A grad student of mine was over today, serving as the hike-time babysitter, and she commented on Novak’s book on my to-read pile. She wondered if it was good, and I had to tell her I didn’t know, because, you know, it’s on the to-read pile. That student, in effect, picked today’s book, so I dove in, once I was able to crawl across the house and erect myself enough to reach the damn thing.
Let me tell you this: Novak is no Jimmy Stewart, reading poems to his dead dog on The Tonight Show, Johnny Carson and America tolerating him because he’s Jimmy Fucking Stewart and he’s eighty-hundred years old and he’s George Bailey and Mr. Smith and your goddamn grandfather, though probably better than your grandfather. He’s not Jewel releasing A Knight Without Armor (or is it Night? I can’t keep track of that pun anymore). Who else? Ally Sheedy had a book out, didn’t she? And let’s not forget the dozens of actors who put out children’s books, writing about some brass sleeve button who has a picnic with a lemur, a genius metaphor for mixed-marriage rights.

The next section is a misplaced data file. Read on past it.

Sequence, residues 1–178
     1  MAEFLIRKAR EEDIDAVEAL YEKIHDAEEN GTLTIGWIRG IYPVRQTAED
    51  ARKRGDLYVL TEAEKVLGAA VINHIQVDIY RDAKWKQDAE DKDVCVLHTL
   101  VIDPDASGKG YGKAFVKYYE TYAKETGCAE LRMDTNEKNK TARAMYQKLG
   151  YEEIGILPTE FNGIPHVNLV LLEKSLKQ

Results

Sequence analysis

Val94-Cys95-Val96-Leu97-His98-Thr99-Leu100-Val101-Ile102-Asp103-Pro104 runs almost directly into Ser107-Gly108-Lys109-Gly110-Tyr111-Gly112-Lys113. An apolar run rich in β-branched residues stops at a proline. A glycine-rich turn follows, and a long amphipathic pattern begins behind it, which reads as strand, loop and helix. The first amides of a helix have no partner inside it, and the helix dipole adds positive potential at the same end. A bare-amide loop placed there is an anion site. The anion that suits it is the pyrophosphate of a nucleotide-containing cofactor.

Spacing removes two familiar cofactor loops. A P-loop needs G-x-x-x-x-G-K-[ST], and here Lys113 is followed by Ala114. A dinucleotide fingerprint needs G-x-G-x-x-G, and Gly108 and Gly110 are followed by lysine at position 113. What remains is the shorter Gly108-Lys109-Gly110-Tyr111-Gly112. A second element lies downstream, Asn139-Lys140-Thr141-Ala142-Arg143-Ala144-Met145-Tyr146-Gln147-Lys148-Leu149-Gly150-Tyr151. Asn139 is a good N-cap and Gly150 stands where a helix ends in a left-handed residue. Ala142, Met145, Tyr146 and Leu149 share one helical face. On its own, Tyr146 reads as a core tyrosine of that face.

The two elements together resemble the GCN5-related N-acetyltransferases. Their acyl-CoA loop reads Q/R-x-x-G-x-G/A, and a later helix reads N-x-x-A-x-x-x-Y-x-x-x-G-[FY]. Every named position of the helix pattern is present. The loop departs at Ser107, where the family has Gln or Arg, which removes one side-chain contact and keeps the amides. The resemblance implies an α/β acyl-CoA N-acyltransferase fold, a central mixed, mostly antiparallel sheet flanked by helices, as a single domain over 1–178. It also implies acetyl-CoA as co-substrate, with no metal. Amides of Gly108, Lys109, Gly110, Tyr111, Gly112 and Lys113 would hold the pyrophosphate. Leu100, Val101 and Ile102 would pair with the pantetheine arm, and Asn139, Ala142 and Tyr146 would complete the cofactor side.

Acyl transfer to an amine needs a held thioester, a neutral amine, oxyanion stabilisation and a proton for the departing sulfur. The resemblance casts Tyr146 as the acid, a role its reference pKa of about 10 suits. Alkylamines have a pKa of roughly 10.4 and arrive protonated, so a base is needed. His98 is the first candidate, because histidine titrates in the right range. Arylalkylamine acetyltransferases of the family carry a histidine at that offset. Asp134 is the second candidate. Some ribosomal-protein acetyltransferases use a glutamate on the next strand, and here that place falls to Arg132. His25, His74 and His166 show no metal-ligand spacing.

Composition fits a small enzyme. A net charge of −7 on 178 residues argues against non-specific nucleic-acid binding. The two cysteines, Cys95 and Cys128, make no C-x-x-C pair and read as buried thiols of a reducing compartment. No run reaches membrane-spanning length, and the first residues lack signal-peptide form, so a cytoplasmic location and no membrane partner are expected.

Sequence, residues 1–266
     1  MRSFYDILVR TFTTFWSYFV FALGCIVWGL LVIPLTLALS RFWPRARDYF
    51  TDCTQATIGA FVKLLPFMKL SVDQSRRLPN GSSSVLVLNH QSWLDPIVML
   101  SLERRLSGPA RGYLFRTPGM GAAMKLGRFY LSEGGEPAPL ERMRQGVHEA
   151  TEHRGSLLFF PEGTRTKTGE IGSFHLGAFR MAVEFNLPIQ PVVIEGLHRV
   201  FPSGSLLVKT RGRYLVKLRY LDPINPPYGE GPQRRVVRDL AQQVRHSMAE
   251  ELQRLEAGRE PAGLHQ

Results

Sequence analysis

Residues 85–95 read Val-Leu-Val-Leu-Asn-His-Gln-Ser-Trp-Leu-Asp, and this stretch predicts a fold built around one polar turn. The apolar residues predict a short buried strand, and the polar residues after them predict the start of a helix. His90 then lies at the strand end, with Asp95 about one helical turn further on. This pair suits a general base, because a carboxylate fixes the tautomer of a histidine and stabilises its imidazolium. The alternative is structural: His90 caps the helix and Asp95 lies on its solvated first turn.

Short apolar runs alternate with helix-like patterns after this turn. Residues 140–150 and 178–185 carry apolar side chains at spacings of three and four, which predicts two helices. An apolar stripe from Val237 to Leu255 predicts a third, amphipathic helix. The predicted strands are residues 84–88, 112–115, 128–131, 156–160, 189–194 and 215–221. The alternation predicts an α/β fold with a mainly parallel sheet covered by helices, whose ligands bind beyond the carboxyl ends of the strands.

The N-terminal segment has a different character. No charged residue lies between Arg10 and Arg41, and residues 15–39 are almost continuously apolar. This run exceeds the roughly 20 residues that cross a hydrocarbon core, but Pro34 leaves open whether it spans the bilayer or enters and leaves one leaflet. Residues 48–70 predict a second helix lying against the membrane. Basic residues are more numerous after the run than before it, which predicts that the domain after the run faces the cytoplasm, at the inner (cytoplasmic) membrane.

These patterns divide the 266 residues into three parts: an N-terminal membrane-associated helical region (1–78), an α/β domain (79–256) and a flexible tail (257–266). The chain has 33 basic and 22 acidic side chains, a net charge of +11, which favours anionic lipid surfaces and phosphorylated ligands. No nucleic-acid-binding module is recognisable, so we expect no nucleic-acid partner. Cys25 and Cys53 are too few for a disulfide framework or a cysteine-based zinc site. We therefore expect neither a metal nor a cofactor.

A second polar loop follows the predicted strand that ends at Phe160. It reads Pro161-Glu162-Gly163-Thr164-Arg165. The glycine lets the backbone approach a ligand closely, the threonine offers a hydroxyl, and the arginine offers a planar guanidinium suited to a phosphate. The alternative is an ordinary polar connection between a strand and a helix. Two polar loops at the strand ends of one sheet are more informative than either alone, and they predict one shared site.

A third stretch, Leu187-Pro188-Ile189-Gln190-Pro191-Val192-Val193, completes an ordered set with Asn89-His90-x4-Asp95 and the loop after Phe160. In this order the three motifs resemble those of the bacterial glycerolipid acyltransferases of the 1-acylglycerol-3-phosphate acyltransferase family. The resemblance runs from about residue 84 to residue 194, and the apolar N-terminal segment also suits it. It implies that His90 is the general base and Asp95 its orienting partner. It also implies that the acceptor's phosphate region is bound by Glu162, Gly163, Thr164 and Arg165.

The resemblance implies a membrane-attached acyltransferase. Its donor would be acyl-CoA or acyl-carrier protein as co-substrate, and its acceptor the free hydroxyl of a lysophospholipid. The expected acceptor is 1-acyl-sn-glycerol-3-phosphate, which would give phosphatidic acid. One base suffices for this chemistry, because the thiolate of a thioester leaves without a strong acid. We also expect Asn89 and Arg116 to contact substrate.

I’ve not read anything by any of those actors before, so I really shouldn’t make fun. But I have read Novak’s book, or at least the first half dozen stories. And you know what? I love it.
I don’t throw a compliment like this around very often, but One More Thing kind of reminds me of 40 Stories and 60 Stories by Donald Barthelme. I wouldn’t say Novak is as Post-Modern as Barthelme—he can’t be, really, because it’s 2016—but the book has that kind of feel. There’s one story, after another, that feels unique, dryly funny, and came from the type of imagination that is powerful and eclectic enough to write a ton of stories that all come off as clever, smart, funny, and literary.